Hass avocado the new green gold

Saturday November 2 2019

Hass avocado is a variety of avocado with dark

Hass avocado is a variety of avocado with dark green coloured rough surface.  

By Denis Bbosa

That Hass avocado breed is the most popular East Africa avocado, it is high in protein and mineral content, source of high-quality cholesterol and is used in cosmetics, is not new to many farmers that have been in the business for a while. What has changed ovetime is the methodology of growing the fruit to reap more yields to uplift the livelihood of farmers.
Hass avocado, whose skin turns dark purple when ripe, has gradually taken over other traditional varieties, according to agronomist Ronald Muhangi of the White Oak Farm, a company spearheading avocado production in most parts of Uganda.
“Hass avocado can be grown in any part of Uganda because it is friendly to all the soils. The tree doesn’t grow so tall and is grafted to have a short stem that makes it easier for harvesting,” Muhangi reveals. He adds that Hass avocado is not as vulnerable to pests and diseases, and its fruits have a longer shelf life compared to other types. Farmers are urged to try out this quality variety, which grows in areas that are not swampy and is easy to look after.

Why Hass avocado
Hass avocado is a variety of avocado with dark green coloured rough surface. Hass avocado is a large-sized fruit weighing 200 to 300 grams. When ripe, the skin becomes a dark purplish-black and yields to gentle pressure. When ready to serve, it becomes white-green in the middle part of the inner fruit. Owing to its taste, size, shelf-life, high growing yield and in some areas, year-round harvesting is possible.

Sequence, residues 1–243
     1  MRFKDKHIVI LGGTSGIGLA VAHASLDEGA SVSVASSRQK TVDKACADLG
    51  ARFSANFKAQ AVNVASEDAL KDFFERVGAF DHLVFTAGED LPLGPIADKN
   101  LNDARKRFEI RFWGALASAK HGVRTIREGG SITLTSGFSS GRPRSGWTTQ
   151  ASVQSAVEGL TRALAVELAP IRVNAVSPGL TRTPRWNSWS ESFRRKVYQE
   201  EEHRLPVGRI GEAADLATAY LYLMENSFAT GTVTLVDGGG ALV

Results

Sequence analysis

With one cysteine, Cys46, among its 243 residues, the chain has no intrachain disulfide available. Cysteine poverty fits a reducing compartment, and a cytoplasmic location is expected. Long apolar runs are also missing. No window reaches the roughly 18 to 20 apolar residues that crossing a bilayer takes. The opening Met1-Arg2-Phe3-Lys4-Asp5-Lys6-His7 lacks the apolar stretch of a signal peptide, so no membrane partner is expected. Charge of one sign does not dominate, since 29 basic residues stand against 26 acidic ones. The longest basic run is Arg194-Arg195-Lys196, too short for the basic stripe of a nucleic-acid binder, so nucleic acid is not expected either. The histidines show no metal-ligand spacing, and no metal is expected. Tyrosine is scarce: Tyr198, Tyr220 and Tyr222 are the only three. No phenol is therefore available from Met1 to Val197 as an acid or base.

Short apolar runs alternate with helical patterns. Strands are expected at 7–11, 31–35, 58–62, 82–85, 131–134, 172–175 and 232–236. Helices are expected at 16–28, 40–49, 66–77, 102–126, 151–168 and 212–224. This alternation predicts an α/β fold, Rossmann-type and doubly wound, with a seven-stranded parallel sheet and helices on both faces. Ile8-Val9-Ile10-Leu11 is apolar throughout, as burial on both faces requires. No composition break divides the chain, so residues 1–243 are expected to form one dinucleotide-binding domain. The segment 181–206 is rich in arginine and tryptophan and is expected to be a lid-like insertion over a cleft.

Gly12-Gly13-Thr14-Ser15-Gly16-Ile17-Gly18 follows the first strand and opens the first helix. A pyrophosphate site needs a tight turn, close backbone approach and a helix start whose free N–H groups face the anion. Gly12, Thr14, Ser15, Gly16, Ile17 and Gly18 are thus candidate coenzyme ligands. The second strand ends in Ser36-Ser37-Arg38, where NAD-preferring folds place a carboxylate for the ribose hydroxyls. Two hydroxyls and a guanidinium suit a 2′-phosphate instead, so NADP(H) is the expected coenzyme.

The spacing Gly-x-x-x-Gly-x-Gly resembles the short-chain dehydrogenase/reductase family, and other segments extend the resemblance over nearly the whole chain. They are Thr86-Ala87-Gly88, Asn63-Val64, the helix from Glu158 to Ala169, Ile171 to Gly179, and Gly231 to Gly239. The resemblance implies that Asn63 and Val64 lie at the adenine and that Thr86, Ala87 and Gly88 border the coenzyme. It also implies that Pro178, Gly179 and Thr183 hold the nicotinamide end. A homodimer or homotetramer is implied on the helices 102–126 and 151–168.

Hass avocado is the most commercially popular avocado worldwide. It is also the most nutritive among fruits and is regarded as the most important contribution of the New World to human diet, according to Food and Agriculture Organisation (Fao). Hass avocados mature between two and three years, have a long-life span of more than 50 years.
Due to numerous challenges while farming traditional crops such as maize and other cash crops, including coffee and tea, the trend favours fruit tree farming. There is also a decline in major fruit producing countries in the southern hemisphere such as Mexico and South Africa due to climate change, which is favouring countries in the tropics Uganda inclusive.

Muhangi advises prospective farmers to plant each seedling in a two feet deep and four feet wide hole. “Make sure you have a sufficient water source and organic fertilisers,” says Muhangi.
It can be harvested after three years, depending on how you look after it with manure and regular irrigation. While they grow, farmers are required to trim the tops so that they are less leaves and more fruits.
Usually, the first trial harvest gives less fruits (10-30) per tree, you can consume that at home. The next harvests after six months is the real bumper harvest because it gives 30-50 fruits.

Site selection
The site for planting avocados should be free from anthills, be levelled or gentle-sloped and well sheltered from strong winds.